Oberlin Blogs

And the letters are... almost in the mail

March 24, 2011

Elizabeth Houston ’06

Application reading season is winding down, Jesse has finally stopped dreaming about applications, and all our applicants are eagerly awaiting those decision letters. So, what's taking us so long?

Well. Let me tell you a story about what has happened to your application. Possibly as long ago as last fall, you sent us your Common Application. Possibly as recently as a couple weeks ago, your teachers and guidance counselors and testing agencies have sent us the other materials required to complete your application. If these materials were submitted electronically, they were automatically imported into our new paperless application reading system. If they were submitted by mail, fax, or hand-delivered by albino squirrels, they were scanned into our electronic system.

Wait, paperless application reading system? Yes, that's right, this year we have switched from reading applications using paper files to reading them on the computer. This means that we're no longer printing out all of the materials you submitted online and putting them into paper files. This means we're no longer alphabetizing anything. This means I no longer have ominous stacks of files in my office constantly reminding me of all the work I have to do. This means we're saving trees!

It's been pretty exciting switching to the paperless system this year, but, as with any major software implementation, we have of course run into various bumps and delays along the way. Luckily, we got them all sorted out in the end, and we're really looking forward to next year, when I expect everything to go much smoother.

But let's get back to your application. Once each application part (transcript, teacher recommendation, etc) makes its way into our electronic system, it still needs to be processed. Each part must be reviewed by a data entry person, who enters various important information into our database, and marks each required application part as received. After all the parts arrived, your application was read by your first reader--the person primarily responsible for applications from your state. Your first reader is the one who signed that nice letter thanking you for applying, and they may have visited your school last fall. They do the most thorough review of your application, and they're able to evaluate your grades and curriculum in the context of your high school.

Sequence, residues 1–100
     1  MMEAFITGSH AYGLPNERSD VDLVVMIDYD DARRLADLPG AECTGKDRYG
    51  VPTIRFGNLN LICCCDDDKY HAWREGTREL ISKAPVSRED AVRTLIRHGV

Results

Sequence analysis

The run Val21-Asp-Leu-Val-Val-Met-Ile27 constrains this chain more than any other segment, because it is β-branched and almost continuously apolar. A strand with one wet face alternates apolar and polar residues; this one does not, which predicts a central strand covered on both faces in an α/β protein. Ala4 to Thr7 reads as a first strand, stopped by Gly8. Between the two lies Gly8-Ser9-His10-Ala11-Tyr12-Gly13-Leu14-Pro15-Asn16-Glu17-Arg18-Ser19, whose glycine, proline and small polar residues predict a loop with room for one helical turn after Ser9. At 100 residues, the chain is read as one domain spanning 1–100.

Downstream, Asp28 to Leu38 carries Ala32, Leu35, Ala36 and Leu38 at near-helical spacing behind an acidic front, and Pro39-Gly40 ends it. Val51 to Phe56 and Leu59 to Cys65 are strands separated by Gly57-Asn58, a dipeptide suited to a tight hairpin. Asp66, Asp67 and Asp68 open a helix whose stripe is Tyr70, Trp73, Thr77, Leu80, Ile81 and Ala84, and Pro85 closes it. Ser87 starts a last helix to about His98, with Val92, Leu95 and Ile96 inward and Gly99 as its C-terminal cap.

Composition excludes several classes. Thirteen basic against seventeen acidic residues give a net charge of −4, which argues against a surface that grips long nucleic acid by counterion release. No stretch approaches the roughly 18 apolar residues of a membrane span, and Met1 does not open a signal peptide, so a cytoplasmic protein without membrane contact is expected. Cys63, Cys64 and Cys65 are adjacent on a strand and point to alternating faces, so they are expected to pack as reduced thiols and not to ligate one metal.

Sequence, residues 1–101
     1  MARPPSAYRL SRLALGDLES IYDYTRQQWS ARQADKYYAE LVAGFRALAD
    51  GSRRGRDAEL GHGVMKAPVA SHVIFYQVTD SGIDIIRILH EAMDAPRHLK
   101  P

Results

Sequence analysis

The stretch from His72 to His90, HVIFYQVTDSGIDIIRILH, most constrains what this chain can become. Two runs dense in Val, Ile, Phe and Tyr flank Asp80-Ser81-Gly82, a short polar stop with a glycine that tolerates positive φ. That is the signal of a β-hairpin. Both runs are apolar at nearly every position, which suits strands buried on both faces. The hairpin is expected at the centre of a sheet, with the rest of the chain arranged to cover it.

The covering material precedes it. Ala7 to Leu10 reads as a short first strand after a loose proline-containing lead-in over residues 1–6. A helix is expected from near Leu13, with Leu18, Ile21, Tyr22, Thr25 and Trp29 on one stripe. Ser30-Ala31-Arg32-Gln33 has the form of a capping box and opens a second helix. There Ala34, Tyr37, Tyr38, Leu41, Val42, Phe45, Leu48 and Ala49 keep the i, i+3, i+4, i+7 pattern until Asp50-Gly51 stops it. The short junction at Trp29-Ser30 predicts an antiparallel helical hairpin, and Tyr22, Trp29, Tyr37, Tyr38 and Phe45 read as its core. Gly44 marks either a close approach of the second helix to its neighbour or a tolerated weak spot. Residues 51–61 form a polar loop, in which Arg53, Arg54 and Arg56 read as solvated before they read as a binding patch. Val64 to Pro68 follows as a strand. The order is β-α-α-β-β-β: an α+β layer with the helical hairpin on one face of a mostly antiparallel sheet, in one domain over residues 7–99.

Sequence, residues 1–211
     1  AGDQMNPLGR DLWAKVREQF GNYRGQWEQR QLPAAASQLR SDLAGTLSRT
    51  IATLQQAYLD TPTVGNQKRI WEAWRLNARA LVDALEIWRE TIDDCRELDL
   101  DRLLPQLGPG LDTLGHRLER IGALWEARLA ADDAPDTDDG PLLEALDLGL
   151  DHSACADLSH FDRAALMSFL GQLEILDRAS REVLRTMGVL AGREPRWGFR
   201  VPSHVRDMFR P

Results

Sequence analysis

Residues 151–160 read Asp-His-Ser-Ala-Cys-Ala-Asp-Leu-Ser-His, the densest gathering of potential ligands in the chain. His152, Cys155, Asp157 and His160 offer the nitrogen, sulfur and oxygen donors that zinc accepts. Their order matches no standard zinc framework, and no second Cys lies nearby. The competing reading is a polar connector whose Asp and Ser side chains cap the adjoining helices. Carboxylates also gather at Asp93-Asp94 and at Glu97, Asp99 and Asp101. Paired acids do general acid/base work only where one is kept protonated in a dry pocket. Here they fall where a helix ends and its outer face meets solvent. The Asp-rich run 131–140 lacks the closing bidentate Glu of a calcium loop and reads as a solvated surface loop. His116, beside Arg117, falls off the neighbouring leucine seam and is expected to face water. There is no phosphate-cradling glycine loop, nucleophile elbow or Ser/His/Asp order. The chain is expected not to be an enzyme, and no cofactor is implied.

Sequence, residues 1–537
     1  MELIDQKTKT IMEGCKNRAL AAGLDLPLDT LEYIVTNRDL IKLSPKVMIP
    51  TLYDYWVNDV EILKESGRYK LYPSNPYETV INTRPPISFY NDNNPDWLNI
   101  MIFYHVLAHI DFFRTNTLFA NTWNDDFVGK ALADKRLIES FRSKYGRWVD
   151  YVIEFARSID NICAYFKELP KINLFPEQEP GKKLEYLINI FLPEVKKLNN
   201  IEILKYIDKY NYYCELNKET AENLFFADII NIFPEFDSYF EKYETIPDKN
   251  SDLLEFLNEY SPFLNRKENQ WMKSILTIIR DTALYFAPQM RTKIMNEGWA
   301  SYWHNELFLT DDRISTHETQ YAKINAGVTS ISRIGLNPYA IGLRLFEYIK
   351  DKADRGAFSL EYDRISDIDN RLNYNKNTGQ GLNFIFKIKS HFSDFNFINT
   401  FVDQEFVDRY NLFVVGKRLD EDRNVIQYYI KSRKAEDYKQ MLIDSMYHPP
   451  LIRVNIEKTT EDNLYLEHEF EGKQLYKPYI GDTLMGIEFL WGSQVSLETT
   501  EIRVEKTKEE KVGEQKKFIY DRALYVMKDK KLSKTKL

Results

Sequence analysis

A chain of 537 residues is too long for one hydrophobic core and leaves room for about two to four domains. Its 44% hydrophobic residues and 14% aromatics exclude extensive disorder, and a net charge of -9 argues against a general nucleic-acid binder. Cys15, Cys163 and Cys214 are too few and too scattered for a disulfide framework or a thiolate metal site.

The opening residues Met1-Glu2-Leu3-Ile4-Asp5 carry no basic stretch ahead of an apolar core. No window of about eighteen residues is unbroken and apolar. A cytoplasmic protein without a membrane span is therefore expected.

Once your first reader read your file and made assorted notes and a recommendation, that file was electronically passed along to another person for a second read. The second reader also reads through your file and makes notes and a recommendation, and they basically serve as a second opinion. This second opinion helps to ensure that our standards are applied uniformly, and it also helps make sure that no one is unfairly advantaged or disadvantaged by the mood their first reader happens to have been in while reading their application.

After the second read, we're still not done. Each application is discussed in committee, with the first reader presenting the highlights of each file. These presentations range from the routine to impassioned defenses of students who may not have the highest gpas and test scores, but that the readers still found to be particularly interesting and compelling. The committee, which is usually made up of 3-5 readers and the Dean of Admissions, will discuss each application and make a decision. Sometimes the committee will be unable to reach a decision, and we'll set those files aside to discuss again later.

Once every file has been read and discussed in committee, we're still not done. This time of year, we've read and decisioned just about every file, including those difficult cases that we postponed discussing until the end of the cycle. Now it's time to look at the class as a whole. Are we admitting the right number of students to meet our enrollment target? Is the class well-balanced (as measured by a number of demographic factors)? Did we stay within our (very large) financial aid budget? The answer to these questions is not always yes, and minor adjustments to the class are usually required. We generally find this process very difficult, as it involves going back and changing some of our initial decisions. We'll also go back and review transcripts that have arrived since we discussed each application, to make sure that none of the students that we're planning to admit have grades that have dropped dramatically in their senior year. This is the time of year when about half the staff is relaxing a bit because we no longer have lots of files to read, and about half the staff is frantic because they're responsible for double-checking everything and making lots of little changes to make sure that everything is just right before we mail out the letters. We even have people that double-check every letter before it goes out to make sure that we're not sending anyone the wrong letter. It's a pretty intense process, but it's what we do every year to make sure that we end up with a great group of students arriving on campus in the fall.

So, back to the big question: when are the letters going out? At this point, it looks like we will mail our decision letters on Monday. We do not make our decisions available online, but if you're living in another country, we'll send you an email in addition to your paper letter. I know you won't all be receiving happy news, but I wish you all the best, and everyone can at least look forward to receiving our decision letters soon.

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